Brain cells may undergo aging in much the same way as skin cells do — with one aging cell affecting many of its neighbors, a new study from England says.
Researchers found that aging mouse neurons produced several substances, including free radicals and other molecules that can promote inflammation and alter DNA, which can damage nearby cells.
It was known that skin cells produce such substances as they age, becoming "rotten apples" that can affect other cells near them, but it was thought that neurons would age in a completely different way, the researchers said. Skin cells, such as fibroblasts, which are involved in repairing wounds, maintain their ability to divide, whereas most neurons in adults can't divide.
"This study provides us with a new concept as to how damage can spread from the first affected area to the whole brain," said study researcher Thomas von Zglinicki, a professor of cellular gerontology at Newcastle University.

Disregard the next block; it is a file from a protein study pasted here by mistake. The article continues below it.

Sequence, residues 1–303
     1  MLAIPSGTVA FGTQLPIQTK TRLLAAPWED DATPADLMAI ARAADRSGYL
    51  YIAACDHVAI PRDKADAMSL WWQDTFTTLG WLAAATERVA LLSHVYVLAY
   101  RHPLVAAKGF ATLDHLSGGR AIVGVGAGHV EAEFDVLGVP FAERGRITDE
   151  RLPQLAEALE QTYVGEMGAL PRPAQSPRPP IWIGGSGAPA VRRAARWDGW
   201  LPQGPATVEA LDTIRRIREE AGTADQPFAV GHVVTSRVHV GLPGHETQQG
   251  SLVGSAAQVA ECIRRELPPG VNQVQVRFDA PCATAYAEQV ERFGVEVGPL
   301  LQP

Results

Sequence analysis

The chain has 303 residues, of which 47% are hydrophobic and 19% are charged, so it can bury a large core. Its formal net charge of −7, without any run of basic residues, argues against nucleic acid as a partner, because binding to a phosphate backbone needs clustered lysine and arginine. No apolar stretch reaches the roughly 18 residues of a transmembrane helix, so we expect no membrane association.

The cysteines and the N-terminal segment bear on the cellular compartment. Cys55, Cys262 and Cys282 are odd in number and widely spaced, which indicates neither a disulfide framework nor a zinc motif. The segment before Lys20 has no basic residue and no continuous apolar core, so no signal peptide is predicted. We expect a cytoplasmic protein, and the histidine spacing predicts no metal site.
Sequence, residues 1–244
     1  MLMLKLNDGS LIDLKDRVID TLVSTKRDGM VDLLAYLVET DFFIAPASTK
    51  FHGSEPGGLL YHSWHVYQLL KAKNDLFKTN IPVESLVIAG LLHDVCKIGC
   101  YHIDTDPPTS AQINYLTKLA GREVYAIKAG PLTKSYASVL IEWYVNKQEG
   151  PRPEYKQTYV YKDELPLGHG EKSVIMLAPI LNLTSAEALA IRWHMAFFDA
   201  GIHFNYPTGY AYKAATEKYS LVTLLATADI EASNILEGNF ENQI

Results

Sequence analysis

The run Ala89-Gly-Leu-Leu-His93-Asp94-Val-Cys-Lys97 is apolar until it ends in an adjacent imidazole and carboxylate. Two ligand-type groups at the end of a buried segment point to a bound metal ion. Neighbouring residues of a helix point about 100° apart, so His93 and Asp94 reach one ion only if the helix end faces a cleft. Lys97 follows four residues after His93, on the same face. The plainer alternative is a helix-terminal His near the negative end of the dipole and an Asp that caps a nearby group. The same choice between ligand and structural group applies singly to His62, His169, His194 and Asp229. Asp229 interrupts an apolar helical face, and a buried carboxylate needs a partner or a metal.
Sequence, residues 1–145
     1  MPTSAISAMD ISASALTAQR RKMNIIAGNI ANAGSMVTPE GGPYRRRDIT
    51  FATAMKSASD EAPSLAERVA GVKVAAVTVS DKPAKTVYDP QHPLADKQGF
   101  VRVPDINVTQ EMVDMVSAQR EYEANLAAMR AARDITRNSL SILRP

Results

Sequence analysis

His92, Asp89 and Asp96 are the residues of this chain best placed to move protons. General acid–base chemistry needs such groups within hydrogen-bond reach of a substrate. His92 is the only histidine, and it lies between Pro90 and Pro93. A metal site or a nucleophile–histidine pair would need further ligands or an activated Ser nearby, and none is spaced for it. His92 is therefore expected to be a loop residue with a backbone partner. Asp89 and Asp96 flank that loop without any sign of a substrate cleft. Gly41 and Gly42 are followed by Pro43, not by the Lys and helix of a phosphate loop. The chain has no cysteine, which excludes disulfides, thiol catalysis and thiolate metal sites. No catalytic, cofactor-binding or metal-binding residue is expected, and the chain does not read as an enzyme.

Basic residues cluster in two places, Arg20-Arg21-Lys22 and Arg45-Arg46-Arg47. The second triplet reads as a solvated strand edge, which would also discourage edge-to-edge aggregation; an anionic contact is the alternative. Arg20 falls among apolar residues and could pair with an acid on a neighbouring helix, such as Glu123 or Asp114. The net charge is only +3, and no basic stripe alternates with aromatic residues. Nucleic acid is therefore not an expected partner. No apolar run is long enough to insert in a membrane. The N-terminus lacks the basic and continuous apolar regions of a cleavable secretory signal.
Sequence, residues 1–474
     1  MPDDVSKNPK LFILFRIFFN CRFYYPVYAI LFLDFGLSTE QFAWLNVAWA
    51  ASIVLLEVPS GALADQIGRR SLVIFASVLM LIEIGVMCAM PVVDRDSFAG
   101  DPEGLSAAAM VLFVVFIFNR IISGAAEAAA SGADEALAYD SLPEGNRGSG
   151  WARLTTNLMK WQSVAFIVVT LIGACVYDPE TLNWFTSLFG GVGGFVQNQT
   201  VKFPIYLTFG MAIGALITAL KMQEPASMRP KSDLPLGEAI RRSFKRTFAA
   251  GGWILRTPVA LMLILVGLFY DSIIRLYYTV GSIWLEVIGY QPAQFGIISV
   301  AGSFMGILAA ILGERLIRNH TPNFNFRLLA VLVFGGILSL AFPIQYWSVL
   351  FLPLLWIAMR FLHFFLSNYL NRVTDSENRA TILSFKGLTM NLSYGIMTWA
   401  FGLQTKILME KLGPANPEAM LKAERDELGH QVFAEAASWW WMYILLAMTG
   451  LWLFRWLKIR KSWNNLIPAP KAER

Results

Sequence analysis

The finding may open up new ways to treat brain disorders such as dementia, motor neuron disease or age-related hearing loss, the researchers said. However, they noted that mouse research doesn't always hold up in studies of people.
"We will now need to find out whether the same mechanisms we detected in mouse brains are also associated with brain aging and cognitive loss in humans," von Zglinicki said.
If the finding does apply to humans, "we might have opened up a shortcut towards understanding brain aging," he said.
Pass it on: One aging brain cell can affect the entire brain, a new study suggests.